Nearly two in five (38 percent) of working adults estimate they will have to work until age 75 or older.

Working adults ages 60-plus are more pessimistic than younger colleagues that they will be able to retire by age 65, according to new research.

So reports Northwestern Mutual in its annual “2014 Planning and Progress Study: Talking Money & Retirement.” Based on a survey of 2,092 U.S. adults ages 18 and older, the survey aims to ascertain, among other objectives, Americans’ attitudes toward money and financial decision-making, perspectives on working with a financial advisor and the client experience, and people’s preparedness for retirement.

The report reveals that nearly two in five (38 percent) of working adults estimate they will have to work until age 75 or older before they can retire. Those who are now working believe they will retire at a “much later age” than do individuals already retired (68 years old for those now working versus age 59, the average age of current retirees when they stopped working).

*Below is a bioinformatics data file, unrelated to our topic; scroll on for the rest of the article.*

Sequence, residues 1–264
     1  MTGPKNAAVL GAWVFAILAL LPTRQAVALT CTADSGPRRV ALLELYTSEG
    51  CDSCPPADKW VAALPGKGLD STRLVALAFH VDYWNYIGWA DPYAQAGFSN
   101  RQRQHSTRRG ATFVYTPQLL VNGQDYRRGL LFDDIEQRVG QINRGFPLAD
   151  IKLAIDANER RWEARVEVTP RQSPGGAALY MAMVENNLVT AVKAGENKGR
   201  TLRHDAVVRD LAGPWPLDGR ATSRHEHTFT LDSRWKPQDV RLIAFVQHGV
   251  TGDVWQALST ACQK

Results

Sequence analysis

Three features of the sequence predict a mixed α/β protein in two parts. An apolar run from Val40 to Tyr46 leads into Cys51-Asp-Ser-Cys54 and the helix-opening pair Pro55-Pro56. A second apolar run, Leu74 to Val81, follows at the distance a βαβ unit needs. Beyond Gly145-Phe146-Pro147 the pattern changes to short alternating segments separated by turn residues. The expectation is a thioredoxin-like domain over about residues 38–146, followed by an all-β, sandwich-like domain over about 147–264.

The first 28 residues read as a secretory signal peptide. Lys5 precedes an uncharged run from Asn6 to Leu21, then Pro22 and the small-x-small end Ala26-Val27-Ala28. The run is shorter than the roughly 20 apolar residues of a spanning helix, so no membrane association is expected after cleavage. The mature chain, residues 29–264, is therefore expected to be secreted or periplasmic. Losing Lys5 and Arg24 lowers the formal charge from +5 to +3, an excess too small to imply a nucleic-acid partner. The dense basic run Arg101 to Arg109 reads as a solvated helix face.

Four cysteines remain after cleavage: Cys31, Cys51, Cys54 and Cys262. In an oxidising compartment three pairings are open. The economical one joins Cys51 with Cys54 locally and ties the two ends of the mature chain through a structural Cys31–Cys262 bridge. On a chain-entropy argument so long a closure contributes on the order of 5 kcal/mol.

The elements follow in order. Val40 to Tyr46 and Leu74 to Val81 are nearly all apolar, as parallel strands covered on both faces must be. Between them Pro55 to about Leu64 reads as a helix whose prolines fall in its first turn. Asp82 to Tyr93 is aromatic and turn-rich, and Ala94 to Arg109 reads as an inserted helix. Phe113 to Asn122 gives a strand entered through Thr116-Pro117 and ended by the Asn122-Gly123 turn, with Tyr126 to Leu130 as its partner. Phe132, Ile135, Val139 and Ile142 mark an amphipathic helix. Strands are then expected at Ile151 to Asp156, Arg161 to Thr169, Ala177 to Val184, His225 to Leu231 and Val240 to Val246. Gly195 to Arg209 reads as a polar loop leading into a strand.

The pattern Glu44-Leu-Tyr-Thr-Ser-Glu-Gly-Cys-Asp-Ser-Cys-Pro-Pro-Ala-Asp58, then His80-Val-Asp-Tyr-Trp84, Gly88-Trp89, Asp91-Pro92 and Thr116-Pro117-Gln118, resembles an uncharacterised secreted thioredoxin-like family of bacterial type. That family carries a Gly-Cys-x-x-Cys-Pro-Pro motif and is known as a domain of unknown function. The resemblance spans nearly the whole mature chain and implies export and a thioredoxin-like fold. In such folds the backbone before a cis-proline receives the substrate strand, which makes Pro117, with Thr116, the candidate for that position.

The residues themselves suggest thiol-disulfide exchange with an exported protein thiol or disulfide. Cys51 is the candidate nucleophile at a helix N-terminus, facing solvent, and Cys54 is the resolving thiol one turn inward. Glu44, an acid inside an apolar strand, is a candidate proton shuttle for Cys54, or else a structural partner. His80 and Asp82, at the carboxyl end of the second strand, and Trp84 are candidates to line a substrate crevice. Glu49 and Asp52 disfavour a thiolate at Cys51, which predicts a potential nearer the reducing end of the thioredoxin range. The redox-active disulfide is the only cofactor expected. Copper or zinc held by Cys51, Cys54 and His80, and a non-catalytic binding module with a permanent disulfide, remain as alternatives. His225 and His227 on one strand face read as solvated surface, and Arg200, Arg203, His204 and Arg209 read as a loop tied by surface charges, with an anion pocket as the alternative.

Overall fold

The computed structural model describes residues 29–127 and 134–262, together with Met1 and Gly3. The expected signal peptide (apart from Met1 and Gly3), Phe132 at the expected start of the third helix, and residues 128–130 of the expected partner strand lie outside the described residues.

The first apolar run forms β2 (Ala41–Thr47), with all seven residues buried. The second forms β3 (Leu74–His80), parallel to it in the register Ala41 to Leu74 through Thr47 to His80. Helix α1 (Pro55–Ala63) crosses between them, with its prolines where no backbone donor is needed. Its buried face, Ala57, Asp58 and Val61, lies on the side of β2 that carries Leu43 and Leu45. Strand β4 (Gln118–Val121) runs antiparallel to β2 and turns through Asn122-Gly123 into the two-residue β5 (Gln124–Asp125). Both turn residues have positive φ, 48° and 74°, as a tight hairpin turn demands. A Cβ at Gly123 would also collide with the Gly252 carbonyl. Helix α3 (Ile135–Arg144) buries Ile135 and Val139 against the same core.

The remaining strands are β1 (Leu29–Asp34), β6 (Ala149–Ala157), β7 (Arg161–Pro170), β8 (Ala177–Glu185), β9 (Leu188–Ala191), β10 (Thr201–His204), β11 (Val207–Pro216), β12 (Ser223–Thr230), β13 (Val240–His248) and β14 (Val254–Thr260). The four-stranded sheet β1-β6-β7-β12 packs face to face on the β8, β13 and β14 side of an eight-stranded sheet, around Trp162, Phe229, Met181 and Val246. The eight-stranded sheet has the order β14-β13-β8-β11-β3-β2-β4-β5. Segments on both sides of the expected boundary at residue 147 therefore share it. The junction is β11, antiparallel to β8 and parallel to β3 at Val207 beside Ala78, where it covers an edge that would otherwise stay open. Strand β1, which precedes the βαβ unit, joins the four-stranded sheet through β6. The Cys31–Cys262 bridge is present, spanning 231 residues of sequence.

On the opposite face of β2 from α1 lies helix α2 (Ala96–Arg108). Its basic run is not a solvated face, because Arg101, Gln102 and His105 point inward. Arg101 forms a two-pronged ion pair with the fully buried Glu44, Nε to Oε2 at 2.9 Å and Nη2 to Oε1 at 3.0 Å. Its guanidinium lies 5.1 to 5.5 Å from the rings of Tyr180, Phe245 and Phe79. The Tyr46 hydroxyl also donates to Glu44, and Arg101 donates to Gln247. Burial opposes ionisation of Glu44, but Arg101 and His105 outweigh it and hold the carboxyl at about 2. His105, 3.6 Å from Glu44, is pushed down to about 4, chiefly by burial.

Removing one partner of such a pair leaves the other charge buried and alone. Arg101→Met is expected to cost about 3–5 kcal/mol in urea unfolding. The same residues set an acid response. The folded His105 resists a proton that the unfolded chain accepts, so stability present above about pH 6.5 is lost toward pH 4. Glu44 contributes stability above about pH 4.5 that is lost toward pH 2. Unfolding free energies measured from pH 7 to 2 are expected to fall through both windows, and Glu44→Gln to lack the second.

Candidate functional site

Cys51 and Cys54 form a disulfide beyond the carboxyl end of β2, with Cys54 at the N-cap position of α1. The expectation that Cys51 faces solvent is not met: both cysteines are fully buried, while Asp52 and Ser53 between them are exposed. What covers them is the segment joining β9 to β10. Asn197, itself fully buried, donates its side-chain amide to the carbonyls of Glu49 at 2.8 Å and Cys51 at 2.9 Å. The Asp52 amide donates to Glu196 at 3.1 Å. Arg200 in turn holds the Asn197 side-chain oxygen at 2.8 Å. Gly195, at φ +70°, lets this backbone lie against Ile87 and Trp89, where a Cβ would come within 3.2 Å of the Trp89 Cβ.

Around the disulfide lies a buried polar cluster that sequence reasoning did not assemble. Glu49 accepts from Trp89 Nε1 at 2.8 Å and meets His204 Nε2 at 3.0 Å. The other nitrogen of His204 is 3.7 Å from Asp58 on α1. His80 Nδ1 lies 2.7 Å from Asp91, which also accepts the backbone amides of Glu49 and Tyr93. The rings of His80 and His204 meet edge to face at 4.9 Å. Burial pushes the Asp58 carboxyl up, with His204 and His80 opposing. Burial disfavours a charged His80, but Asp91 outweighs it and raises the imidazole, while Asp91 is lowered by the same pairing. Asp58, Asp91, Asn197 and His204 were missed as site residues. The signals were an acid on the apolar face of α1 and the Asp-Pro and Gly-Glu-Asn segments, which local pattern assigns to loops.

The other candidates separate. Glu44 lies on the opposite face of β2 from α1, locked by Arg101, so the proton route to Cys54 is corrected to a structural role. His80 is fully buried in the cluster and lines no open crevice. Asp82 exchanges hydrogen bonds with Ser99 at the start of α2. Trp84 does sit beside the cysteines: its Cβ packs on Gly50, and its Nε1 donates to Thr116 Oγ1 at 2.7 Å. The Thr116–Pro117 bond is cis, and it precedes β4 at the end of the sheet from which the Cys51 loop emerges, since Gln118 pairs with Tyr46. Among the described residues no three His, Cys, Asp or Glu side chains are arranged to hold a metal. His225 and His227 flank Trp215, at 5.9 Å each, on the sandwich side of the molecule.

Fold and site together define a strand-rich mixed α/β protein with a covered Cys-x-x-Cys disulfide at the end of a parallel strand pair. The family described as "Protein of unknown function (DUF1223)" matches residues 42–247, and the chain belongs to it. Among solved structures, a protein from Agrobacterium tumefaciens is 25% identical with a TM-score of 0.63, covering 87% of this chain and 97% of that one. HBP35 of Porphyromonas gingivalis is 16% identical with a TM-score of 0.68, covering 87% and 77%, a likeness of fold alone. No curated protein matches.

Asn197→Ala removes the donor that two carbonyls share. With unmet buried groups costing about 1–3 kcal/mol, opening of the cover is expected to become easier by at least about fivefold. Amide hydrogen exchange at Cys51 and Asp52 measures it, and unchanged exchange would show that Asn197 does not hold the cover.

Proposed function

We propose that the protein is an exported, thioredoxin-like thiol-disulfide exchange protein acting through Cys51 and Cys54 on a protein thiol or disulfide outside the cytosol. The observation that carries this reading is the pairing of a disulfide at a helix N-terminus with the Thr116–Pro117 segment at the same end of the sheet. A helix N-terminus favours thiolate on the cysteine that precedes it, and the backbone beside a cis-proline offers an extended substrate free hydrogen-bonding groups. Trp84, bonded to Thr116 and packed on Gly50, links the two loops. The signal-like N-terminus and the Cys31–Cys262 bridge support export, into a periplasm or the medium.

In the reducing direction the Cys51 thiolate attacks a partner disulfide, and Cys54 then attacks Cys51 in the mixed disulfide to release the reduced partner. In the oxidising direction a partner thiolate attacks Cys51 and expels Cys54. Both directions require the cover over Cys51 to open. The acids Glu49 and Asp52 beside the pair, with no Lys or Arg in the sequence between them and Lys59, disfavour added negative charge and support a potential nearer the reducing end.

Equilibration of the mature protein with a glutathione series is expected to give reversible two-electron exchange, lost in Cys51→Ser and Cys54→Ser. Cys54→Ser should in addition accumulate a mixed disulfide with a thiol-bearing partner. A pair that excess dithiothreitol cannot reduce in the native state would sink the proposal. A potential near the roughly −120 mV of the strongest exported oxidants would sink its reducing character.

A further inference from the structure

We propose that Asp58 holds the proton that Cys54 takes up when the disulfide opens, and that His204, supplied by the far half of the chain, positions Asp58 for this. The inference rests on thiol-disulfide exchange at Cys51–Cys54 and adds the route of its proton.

The following tables list age ranges of retirement (estimated or actual) among survey respondents:

Will Work until Retirement (until I am… years old)

Less than 50 years old

2%

50-64 years sold

19%

65-74 years old

57%

75-plus years old

20%

I have already retired

22%

I don’t work

19%

Mean estimated age of retirement

68.4

 

Age when retired among those already retired

Less than 55 years old

21%

55-59 years sold

25%

60-64 years old

32%

65-69 years old

15%

Age 70 or older

15%

Mean age of retirement

59

 

The report adds that about two in five U.S. adults have spoken to their spouse/partner (39 percent) or have not spoken to anyone (42 percent) about retirement. Between 2 and 3 in 10 survey respondents have spoken with a:

  • A family member (27 percent);
  • Financial advisor (22 percent);
  • Friends (21 percent); or
  • Someone else (1 percent)